A new study says that instead of acting FAST, we should be acting FASTER.
Many people don’t realize they’re having a stroke when it happens to them, says research from the University of Oxford. The new study highlights the importance of getting to the hospital quickly after a stroke, and points out an important symptom—vision loss—that’s often overlooked in public health campaigns.
The research, published in the British Journal of Surgery, involved 150 people who’d had a transient ischemic attack, also known as a mini-stroke, confirmed by a doctor. When questioned afterward, though, 59 percent of the study participants said they didn’t know they were having a stroke at the time.
And despite the “Act FAST” public health campaign that had been launched in the United Kingdom five years earlier, 36 percent of people weren’t familiar with the campaign’s message about stroke symptoms and the importance of seeking urgent medical care.
The FAST acronym—which stands for Face, Arm, Speech, Time—has been touted by experts in both the United Kingdom and the United States as a way to remember important symptoms of stroke and the response that should be taken. According to the American Stroke Association, symptoms of stroke include face drooping, arm weakness, and speech difficulties. And because time is of the essence, anyone with symptoms should get to a hospital right away. (Some drug treatments only help for a few hours after a stroke, and getting care right away can often prevent long-term effects or even death.)
Unfortunately, that wasn’t the case for most of these study participants. More than 61 percent did not seek immediate help when their mini-strokes occurred. Instead of going to the hospital, some called their doctors or other health professionals. Others phoned a family member, had a “cup of tea” and waited until the next day, or did nothing at all.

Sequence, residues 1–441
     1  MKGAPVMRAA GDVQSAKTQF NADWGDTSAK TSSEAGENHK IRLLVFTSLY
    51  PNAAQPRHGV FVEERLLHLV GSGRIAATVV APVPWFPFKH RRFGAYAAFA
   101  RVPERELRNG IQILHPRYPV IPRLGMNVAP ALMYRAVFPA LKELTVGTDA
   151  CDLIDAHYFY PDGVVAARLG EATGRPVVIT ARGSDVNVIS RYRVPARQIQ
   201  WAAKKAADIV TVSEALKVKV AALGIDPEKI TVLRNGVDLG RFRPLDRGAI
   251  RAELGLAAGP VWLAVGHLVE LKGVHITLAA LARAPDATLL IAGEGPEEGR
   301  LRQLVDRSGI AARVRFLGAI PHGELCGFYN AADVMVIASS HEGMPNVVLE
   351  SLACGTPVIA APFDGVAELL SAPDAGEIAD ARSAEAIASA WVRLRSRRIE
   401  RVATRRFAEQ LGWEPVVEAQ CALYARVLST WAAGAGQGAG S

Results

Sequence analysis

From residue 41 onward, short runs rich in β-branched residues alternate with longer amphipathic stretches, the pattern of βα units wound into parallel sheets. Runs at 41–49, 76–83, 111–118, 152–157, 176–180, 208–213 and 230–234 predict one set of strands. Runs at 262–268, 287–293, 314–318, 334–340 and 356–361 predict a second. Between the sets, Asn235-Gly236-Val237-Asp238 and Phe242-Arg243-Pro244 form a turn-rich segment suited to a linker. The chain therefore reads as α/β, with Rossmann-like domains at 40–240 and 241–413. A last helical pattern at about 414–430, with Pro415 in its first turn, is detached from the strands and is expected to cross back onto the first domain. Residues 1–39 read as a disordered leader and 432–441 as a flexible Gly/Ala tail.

These delays lasted, on average, two to five days, although one patient wasn’t diagnosed for about four months. Patients’ reasons included being away on vacation, awaiting doctor’s appointments, and hospital hold-ups—but the biggest excuse, by far, was that they hadn’t recognized their symptoms. Some men also refused to admit that they were having a stroke, even when their instincts told them so.
The study authors noted that nearly a third of participants reported a reduction or loss of vision during their episodes—something that’s not always considered an obvious sign of stroke. For about 20 percent of participants, in fact, vision problems were the only symptom. Of that group, not a single person was aware they were having a stroke.
Vision symptoms should be included in patient education and efforts to raise awareness about stroke, the authors say, and people should be reminded—again—about the need for a quick response.
“This study has highlighted the importance of patient recognition of cerebrovascular symptoms and acting on these rapidly,” they wrote. “A stroke campaign with inclusion of eye symptoms and rapid action may be more appropriate; hence FASTER (Face, Arm, Speech, Time, Eyes, React) may be better.”